Posted on April 15, 2019Author Nathalie DuboisCategories HeadbandsTags Grids London Good but not very strong It’s difficult to find hair bobbles that can cope with my thick hair without breaking. These are relatively good; but they do lose their elasticity rather quickly. The little wooden beads are a nice feature; but tend to snag my hair. Both myself & our 2 daughters have long, thick hair. These hold the well & seem less prone to snapping & breaking than others bought – very good buy. It’s hard to find hair bands that don’t break if you have long thick hair. These are great they don’t break:-). Unlike other bands, these have a little head where the band joins, so it fully protects the hair from breakage. Wish i’d found these sooner, would have prevented a lot of breakage. Perfect Five Stars Very good, my daughter is pleased with them. Good strong hair bands as advertised. They last more than once which is fantastic, i pull my hair back tight for excercise classes and these bands are standing the test if time. These are amazing i haven’t had a problem with the hairbands. Less likely to break than others on the market. I have heavy, thick hair, so need a band that won’t overstretch, and are strong enough. These do seem to return to size well enough. Were perfect for putting my daughter’s hair up for her ballet exam. I know they’re just bobbles but there the best bobbles i’ve ever bought lol. Oh and very reasonably priced. Good quality, not too stretchy. Really hold your hair in place. Pleased with these hair bands, they are good and strong and don’t snap when using in my thick hair. Bought as a gift, well sturdy and recipient was happy. When you try to tight the pony the elastic of the bobble break. I have very long and thick hair and i have always been struggling to find a strong and think enough hair band to hold my hair. No matter what i used my hair would always would slide down and just wouldn’t hold. This hair band is absolutely the best one i ever had. Good item, just what i needed to control my ponytail. SummaryReviewer Nathalie DuboisReview Date2019-04-15 12:38:05Reviewed Item 10 Hair Bobbles Black Stretchy Girl Ladies Styling Bands Ponytail Elastic Stretchable Strong HairbandRating 5.0 / 5 stars, based on 26 reviews 10 Hair Bobbles Black Stretchy Girl Ladies Styling Bands Ponytail Elastic Stretchable Strong HairbandPack comes with 10 Black hair bandsApprox size -60mm and stretch upto 100 mmIdeal for young girls and adults to do tight ponytail and stylingHairbands Ponytail Thick Snag ColorMade with very Good Quality….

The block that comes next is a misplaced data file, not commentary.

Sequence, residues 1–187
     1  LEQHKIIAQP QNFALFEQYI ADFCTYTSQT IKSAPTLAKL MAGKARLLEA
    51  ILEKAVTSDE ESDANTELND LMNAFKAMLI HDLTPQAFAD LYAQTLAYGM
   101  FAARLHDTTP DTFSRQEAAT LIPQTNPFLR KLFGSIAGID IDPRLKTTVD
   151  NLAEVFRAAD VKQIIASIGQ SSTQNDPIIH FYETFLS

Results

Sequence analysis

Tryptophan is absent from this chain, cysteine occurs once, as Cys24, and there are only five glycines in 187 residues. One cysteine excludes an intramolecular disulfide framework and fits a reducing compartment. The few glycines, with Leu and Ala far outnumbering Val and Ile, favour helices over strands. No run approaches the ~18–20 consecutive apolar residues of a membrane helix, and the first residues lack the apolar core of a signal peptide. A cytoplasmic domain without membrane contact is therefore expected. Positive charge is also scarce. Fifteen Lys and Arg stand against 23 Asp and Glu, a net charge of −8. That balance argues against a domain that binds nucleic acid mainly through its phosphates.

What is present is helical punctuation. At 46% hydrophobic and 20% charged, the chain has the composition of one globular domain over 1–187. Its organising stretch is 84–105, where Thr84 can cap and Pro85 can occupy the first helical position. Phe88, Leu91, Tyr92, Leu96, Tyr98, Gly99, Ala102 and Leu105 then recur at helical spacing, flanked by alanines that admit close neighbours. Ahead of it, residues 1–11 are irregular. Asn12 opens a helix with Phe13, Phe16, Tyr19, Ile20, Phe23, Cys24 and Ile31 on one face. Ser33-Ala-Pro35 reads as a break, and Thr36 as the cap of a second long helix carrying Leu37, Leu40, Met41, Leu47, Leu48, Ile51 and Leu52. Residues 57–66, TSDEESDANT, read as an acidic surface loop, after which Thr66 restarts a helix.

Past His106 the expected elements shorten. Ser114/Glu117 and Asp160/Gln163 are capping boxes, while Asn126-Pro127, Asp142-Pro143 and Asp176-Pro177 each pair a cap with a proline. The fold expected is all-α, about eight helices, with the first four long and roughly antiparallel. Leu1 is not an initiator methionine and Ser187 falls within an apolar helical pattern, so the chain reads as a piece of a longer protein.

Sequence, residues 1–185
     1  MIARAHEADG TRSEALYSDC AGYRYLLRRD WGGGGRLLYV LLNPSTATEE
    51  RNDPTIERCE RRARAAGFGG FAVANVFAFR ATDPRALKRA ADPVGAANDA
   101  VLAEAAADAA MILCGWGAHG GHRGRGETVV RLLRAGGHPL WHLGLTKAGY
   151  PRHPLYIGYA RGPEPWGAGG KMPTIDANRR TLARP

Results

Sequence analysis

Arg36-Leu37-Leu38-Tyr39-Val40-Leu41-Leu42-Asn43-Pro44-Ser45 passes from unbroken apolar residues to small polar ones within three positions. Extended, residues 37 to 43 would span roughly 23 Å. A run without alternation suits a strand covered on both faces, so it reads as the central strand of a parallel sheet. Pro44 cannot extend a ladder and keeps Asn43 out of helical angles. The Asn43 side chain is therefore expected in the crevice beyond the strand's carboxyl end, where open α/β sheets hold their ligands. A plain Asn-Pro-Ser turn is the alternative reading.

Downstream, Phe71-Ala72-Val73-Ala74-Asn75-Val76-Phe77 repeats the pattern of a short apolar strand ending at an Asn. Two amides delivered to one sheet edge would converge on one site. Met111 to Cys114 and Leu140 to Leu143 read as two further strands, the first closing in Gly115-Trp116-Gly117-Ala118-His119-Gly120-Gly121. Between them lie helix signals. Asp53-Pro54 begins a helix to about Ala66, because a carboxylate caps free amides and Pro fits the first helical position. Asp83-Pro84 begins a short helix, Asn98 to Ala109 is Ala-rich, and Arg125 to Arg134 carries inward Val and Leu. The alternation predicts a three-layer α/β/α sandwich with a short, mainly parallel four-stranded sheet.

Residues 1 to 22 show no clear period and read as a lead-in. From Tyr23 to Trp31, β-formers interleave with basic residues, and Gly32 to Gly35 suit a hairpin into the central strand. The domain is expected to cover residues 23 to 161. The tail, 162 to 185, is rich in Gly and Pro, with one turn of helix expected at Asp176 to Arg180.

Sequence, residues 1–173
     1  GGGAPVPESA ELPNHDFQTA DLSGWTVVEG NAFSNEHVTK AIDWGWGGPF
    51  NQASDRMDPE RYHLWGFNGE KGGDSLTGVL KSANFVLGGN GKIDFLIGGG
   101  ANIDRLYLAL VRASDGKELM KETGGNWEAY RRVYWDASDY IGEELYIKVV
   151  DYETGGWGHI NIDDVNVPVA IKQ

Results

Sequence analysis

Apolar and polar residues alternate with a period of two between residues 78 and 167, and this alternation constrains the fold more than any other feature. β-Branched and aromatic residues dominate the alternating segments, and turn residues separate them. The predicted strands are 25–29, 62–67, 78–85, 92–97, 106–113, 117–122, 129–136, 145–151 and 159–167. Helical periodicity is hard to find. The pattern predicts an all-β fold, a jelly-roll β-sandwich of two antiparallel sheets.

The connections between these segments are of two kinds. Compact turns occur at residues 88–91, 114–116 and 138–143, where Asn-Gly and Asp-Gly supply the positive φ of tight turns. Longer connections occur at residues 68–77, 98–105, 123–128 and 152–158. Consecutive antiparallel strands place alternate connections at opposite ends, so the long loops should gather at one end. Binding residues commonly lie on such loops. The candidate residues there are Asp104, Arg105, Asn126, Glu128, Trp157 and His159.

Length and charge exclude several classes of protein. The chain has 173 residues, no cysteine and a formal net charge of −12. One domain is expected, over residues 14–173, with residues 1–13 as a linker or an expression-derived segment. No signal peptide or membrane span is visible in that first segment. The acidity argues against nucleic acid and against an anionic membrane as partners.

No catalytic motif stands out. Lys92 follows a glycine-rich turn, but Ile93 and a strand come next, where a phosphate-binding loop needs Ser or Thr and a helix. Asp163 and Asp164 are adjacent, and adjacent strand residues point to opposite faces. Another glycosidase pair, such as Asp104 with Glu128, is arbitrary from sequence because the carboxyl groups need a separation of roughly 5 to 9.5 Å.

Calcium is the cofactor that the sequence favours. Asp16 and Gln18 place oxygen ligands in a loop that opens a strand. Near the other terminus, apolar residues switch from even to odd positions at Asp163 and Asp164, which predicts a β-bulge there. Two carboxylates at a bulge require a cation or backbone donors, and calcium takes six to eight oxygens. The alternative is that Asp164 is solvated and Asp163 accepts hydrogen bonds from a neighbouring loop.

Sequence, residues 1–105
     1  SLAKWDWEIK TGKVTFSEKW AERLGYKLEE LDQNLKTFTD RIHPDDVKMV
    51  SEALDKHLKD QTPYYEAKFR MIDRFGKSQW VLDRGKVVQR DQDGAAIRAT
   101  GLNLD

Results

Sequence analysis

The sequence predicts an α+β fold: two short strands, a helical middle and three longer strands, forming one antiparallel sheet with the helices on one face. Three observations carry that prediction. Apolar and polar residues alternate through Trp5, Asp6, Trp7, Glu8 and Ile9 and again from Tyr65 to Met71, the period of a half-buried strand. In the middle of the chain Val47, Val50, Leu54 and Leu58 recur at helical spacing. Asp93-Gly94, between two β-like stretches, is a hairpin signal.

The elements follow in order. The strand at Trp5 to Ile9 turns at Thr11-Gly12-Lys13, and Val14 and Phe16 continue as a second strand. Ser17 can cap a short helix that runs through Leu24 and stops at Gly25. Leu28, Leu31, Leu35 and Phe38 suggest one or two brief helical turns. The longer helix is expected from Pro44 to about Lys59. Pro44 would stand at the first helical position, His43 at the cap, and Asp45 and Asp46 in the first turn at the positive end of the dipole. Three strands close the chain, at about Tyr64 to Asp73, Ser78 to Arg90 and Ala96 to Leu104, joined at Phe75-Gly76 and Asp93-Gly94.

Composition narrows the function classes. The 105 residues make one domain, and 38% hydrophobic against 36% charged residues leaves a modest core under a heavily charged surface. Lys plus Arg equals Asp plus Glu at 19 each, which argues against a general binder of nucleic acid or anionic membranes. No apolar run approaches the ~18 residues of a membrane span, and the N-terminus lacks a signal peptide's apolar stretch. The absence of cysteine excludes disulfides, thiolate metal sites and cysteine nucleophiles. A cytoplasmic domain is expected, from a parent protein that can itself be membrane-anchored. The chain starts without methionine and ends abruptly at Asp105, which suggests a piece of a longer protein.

Keer’s son Sher Singh claimed that his father ended his life due to mounting debts. He said he saw his father lying unconscious and rushed him to the government Rehti hospital, where doctors declared him brought dead.Mr.Singh said his father had borrowed Rs. 4 lakh from banks and Rs. 2 lakh from other sources due to which he remained disturbed.The incident comes days after Mr. Chouhan announced a slew of measures to end farmers’ woes in the State, which witnessed violent protests over loan waiver and other demands. Madhya Pradesh farmers not impressed, to step up stir A debt-ridden farmer in Sehore — the home district of Madhya Pradesh Chief Minister Shivraj Singh Chouhan — allegedly committed suicide by consuming a poisonous substance on Monday.A case was registered at the Rehti Police Station, police said on Tuesday.The reason behind the alleged suicide of 55-year-old Dulchand Keer is still not clear, said District Collector Sudam Khade.Rehti police station in charge Pankaj Geete too said, “The cause behind the farmer’s death is a matter of investigation but he was having a debt of Rs. 6 lakh on him.”Also Read